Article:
This Is Why Ryan Seacrest Almost Never Hosted American Idol

Ryan Seacrest is one of the most recognized television and radio personalities. Among his many high-profile credits, he co-hosts "Live with Kelly and Ryan" and his longtime radio show, "On Air with Ryan Seacrest." But the gig that started it all for Seacrest was his co-hosting role on the reality singing competition series, "American Idol," on which he's appeared on since the show's first season in 2002

In 2022, Seacrest reflected on 20 years with the show, and explained how he and his fellow "American Idol" colleagues were stunned by the program's early achievement. "About midway through the season, it started to generate relatively large numbers in primetime," Seacrest told The Hollywood Reporter, adding, "We were taken aback by the machine that it was becoming and the success; it was all so unknown — even to us."

There's actually a good reason for why Seacrest couldn't have predicted the success of "American Idol," and it's because when he got the job hosting the show, he didn't even have a clue what it was about. 

Ryan Seacrest took the American Idol gig blind

OG "American Idol" watchers know that Ryan Seacrest wasn't the only original host. He initially shared the stage with comedian Brian Dunkleman, who left after Season 1. Dunkleman's history with "Idol" is complex, extending all the way to his audition story, which he shared with GQ in 2019. "I wasn't going to host any stuff anymore, because acting was my career trajectory," Dunkleman said, adding that he even had a sitcom in the works at the time. But a Fox rep encouraged him to go for "Idol," which he did basically on a lark. After a second successful audition alongside Seacrest, the pair started hosting almost immediately. 

Seacrest's "American Idol" casting story is strikingly similar in that he almost never took the gig either. In a 2016 "Harry" interview, Seacrest said his road to "Idol" actually started with an audition to host "Family Feud." After nailing it, however, Seacrest was told he could either host "Family Feud" or decide to wait for a mysterious new show. "[They said], 'Well, we can't tell you what [the new series] is ... If you want to hold out, maybe this other thing will work out, but we can't promise it to you," Seacrest said.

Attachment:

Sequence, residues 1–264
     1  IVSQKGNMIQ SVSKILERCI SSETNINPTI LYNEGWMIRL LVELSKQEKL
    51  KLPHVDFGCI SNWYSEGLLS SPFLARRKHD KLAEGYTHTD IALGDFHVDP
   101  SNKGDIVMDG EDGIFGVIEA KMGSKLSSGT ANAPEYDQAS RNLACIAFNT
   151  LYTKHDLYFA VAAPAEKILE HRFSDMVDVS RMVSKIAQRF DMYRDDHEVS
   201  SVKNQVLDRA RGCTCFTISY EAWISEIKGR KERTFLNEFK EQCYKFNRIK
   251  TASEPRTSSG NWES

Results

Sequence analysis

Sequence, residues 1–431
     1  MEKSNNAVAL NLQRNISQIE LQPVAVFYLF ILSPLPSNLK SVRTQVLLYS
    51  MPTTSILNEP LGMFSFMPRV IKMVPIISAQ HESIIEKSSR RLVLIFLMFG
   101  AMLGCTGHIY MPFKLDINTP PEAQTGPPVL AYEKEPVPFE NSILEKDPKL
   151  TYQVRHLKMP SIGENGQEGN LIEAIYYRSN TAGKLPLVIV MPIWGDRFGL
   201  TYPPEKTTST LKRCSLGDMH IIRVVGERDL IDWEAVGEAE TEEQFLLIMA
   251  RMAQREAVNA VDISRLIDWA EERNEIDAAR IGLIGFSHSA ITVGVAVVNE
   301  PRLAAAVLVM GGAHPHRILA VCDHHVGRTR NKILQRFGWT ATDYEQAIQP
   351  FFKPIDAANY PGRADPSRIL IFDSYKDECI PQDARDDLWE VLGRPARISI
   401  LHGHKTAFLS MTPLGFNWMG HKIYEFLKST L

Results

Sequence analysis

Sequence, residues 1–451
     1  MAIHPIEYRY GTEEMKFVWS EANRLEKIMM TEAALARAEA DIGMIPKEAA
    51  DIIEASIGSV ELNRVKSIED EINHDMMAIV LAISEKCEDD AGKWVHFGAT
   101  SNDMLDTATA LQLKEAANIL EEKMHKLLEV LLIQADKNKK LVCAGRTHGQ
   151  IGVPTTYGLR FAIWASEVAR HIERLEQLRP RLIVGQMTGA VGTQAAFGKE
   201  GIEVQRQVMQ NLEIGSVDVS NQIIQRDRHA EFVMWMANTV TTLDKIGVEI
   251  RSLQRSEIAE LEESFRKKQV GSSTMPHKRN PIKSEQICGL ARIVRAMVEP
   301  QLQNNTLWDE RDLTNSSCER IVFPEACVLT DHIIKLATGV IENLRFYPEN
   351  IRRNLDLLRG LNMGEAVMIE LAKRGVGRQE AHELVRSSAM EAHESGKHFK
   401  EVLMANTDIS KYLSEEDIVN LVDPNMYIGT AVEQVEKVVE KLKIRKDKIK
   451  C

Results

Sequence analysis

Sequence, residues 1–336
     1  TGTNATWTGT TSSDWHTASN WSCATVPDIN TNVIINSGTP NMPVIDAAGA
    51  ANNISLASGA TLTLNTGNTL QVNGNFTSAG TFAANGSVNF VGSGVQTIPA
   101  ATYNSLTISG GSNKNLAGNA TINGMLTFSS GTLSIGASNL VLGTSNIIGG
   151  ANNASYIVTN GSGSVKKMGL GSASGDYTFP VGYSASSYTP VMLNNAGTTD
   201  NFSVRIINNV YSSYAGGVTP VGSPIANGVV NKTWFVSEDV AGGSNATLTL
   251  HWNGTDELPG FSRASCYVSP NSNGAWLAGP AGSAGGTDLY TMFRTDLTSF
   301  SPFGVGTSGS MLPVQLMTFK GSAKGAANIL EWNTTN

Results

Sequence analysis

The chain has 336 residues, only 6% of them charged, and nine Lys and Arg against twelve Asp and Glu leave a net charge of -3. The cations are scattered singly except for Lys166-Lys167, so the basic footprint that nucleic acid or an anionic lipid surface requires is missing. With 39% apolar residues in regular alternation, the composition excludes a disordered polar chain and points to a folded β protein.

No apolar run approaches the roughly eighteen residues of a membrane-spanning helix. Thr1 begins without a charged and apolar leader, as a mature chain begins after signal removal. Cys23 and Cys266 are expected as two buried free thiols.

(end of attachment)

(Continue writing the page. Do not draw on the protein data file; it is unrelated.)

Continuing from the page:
It turned out, the same production company behind "Family Feud" also had "American Idol" in the works. For whatever reason, Seacrest rolled the dice on the mystery gig, and it basically goes without saying that he made the right call on that one. 

It took Ryan Seacrest a long time to get comfortable hosting American Idol

As of this writing, Ryan Seacrest hosts the new incarnation of "American Idol" on ABC, alongside judges Katy Perry, Luke Bryan, and Lionel Richie. To viewers at home, Seacrest appears right at home on the singing competition series, but he didn't always feel so comfortable in his role on "Idol."

In a March 2022 interview on "The Ellen DeGeneres Show," the longtime TV pro explained how his nerves manifested in the early seasons of this hosting position. "In the first few years ... after every live show, I couldn't see anyone or go to dinner, or talk to anybody until I got home and watched it back on television to see if it was just at least okay," Seacrest said. The host's passion for "Idol" paid off, however, as the show was quickly well-received by audiences.

As a celebration of the program's accomplishments, an episode will air in May which includes past "Idol" winners Ruben Studdard, Scotty McCreery, and Jordin Sparks taking the stage and performing together, Deadline reported. The occasion will no doubt be a positive full circle moment for Seacrest, who took a chance on an uncertain job which led him to the career opportunity of a lifetime.